Pittsburgh Police To Be Part Of Trump's Inaugural Patrol
When Pittsburgh’s public safety officials asked for volunteers to help staff the Presidential Inaugural Parade, more than 50 police officers raised their hands, according to acting Pittsburgh Police Chief Scott Schubert.
Schubert said the Capitol's metro police department, which is charged with securing the route, originally requested more than 20 officers but the department felt 15 was a more manageable number. The city asked the Fraternal Order of Police for permission to chose the officers on criteria other than seniority.
“If you go straight by seniority, then you may have a lot going from one station which could (negatively) impact the services we could provide,” Schubert said.
The officers will be pulled from every zone and from several details, he said.
“I also want our contingent of officers on this voluntary detail to be reflective of the Pittsburgh police and the city of Pittsburgh,” Schubert said.
Pittsburgh City Council gave preliminary approval Wednesday for 13 officers and two supervisors to travel to D.C. on Jan. 18, two days ahead of the Friday inauguration, and return on Jan 21. A final vote is expected Tuesday.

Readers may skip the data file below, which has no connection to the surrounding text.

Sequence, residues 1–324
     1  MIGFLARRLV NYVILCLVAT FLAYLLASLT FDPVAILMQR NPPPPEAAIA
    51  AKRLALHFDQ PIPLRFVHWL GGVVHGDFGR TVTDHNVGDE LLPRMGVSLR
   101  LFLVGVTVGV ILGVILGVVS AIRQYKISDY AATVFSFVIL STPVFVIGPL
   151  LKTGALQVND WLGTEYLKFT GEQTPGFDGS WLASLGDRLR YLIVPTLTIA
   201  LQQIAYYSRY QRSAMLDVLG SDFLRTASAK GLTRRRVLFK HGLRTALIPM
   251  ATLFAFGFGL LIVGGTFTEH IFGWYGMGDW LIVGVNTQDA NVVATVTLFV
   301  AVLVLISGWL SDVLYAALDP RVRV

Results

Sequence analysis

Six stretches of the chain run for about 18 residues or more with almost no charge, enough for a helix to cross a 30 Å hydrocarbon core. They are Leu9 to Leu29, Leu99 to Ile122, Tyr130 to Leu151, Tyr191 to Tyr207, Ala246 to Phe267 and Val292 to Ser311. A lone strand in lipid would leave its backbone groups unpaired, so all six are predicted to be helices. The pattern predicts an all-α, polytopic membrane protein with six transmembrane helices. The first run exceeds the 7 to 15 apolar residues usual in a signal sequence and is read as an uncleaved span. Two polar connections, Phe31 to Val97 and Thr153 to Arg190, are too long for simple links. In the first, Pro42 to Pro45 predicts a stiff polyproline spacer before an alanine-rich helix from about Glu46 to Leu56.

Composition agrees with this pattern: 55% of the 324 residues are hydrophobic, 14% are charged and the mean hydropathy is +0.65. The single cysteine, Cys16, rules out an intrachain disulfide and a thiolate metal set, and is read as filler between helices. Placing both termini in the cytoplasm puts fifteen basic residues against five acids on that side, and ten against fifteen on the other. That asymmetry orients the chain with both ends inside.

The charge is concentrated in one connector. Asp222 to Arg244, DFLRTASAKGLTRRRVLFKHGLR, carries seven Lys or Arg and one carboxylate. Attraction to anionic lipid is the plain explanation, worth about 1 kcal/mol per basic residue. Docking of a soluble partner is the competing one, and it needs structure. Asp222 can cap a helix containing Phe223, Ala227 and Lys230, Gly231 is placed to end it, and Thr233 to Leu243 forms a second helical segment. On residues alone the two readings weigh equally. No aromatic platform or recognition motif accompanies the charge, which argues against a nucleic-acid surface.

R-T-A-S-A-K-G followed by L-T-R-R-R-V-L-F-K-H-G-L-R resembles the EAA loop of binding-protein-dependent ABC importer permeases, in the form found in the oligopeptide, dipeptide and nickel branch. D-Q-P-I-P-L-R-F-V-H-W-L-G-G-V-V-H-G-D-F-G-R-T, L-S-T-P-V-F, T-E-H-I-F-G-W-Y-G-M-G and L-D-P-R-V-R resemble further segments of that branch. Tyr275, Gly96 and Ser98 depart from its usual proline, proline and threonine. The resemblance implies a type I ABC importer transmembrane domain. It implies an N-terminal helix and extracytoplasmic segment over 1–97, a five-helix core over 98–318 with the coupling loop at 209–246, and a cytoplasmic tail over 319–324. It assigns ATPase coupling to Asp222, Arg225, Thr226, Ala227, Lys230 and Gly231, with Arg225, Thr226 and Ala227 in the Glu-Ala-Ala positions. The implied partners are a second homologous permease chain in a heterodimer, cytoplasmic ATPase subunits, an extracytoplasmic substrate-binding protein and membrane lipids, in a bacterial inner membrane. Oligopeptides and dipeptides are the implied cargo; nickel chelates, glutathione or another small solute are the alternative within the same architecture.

The officers will be sworn in as temporary Deputy U.S. Marshals for the parade and paid by D.C. Metro at their hourly Pittsburgh rate. The Capitol force also incurs all liability from any potential lawsuits that could arise from traveling officers' work.
Council members voiced concerns about the officers' safety during the event, which is expected to draw same-day protests. Pittsburgh Public Safety Director Wendell Hissrich said Wednesday that he's confident there will be no issues, and the officers' training will serve them well.
Schubert said the city has a history of loaning and borrowing officers for national events, including to Cleveland during the Republican National Convention in July. He said he expects to fulfill similar requests in the coming months.
“I’m sure there’s going to be times in the future where we’ll be called upon again to host a special security event,” Schubert said. “I know there’s talks even in the near future for a Super Bowl.”
Hissrich said, along with this being the right thing to do as part of the greater law enforcement community, it’s also good for the department.
“Going to these special events, it’s also a learning process for us because we learn how (other departments) handle similar situations that we may face in the future.”